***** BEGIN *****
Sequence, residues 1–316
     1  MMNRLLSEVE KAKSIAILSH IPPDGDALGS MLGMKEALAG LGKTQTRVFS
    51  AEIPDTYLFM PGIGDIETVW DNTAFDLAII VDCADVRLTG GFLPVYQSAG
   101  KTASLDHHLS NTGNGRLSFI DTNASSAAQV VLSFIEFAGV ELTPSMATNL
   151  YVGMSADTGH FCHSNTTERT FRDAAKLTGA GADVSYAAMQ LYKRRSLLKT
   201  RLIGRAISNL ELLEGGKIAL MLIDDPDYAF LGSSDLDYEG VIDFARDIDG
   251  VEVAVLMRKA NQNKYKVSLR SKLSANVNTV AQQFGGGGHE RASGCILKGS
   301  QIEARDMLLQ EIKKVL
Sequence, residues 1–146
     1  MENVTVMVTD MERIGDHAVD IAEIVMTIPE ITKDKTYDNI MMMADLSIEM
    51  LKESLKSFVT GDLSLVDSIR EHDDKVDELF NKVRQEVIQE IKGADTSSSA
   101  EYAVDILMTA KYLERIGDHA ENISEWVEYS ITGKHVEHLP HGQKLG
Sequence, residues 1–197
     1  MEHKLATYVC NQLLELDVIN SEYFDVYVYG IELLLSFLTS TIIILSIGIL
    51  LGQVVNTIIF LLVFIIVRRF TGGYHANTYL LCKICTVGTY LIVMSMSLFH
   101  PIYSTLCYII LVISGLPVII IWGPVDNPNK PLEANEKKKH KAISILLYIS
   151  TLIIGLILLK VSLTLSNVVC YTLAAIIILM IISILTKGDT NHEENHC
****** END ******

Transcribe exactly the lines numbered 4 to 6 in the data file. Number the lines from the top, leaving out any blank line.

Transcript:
   101  KTASLDHHLS NTGNGRLSFI DTNASSAAQV VLSFIEFAGV ELTPSMATNL
   151  YVGMSADTGH FCHSNTTERT FRDAAKLTGA GADVSYAAMQ LYKRRSLLKT
   201  RLIGRAISNL ELLEGGKIAL MLIDDPDYAF LGSSDLDYEG VIDFARDIDG